So the consultancies probably talk to the main suppliers of gold into Singapore's retail gold market, such as the Swiss refineries, and the national mints (e.g.Perth Mint and Royal Canadian Mint) and ask them how much gold was sent into Singapore during the year. In a similar fashion, they most likely ask the main gold wholesalers such as A-Mark and Dillon Gage the same questions.

At times, the consultancies probably also chat to the bullion banks and trading houses to glean information on what gold, if any, these entities would have supplied into the ‘retail’ market. As to how the consultancies draw the line between the retail gold market and the high net worth gold market is unclear. Because if a high net worth wealth management client of a bank (such as UBS or UOB) buys physical gold in a transaction facilitated by UBS or UOB, is this captured as ‘retail’ demand. The answer is probably not according to the logic of the consultancies, but at the same time this demand is  not institutional demand either.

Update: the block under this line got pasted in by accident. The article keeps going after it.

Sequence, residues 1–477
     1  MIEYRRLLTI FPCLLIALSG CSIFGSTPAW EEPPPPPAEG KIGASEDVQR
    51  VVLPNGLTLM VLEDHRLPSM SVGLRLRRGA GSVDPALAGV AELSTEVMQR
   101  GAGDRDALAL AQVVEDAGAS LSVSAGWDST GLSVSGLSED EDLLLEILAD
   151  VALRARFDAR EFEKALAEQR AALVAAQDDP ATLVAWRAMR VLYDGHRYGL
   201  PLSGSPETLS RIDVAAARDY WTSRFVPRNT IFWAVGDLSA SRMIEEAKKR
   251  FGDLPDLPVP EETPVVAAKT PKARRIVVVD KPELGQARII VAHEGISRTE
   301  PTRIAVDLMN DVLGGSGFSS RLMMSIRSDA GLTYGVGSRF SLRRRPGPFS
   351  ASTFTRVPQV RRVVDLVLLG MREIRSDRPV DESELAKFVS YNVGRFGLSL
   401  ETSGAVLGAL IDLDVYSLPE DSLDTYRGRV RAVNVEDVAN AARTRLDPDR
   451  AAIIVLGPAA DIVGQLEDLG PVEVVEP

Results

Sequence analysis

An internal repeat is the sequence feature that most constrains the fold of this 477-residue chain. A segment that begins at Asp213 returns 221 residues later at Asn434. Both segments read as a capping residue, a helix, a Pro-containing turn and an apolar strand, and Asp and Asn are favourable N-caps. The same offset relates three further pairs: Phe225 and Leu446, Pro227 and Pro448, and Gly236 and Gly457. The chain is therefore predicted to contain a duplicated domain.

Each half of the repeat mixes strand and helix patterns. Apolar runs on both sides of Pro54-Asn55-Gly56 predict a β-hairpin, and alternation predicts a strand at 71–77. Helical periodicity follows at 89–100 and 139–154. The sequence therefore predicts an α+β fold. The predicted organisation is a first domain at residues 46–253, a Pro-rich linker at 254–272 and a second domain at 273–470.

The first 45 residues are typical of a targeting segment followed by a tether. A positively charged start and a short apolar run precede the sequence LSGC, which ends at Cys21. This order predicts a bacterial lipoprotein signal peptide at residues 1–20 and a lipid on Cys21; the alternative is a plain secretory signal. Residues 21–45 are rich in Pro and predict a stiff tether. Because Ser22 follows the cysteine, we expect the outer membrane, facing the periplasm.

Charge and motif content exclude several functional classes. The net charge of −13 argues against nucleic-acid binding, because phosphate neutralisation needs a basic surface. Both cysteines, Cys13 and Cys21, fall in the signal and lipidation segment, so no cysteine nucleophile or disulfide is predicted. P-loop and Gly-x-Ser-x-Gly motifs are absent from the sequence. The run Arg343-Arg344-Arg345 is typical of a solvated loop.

Note that in preparing this article, we talked to GFMS and Metals Focus briefly about their retail gold demand estimates. GFMS and Metals Focus were both courteous and helpful and responded speedily.

The World Gold Council's 'market intelligence group' was also approached with similar questions. After repeated attempts to approach the World Gold Council, they eventually acknowledged our request, but then refused to engage and ignored subsequent emails.

Gold Market Demand Figures

For 2016, GFMS estimates that Singapore retail gold bullion demand (comprising bar and coin demand) totaled 6.5 tonnes. For the current year up to the end of September (i.e. Q1 – Q3 2017), GFMS estimates retail demand was 5 tonnes.

For 2016, the WGC's 'Gold Demand Trends' data estimates that  total gold bar and gold coin demand in Singapore totalled 5 tonnes,  while its demand estimate for the first three-quarters of 2017 *Q1 - Q3) totalled 3.5 tonnes.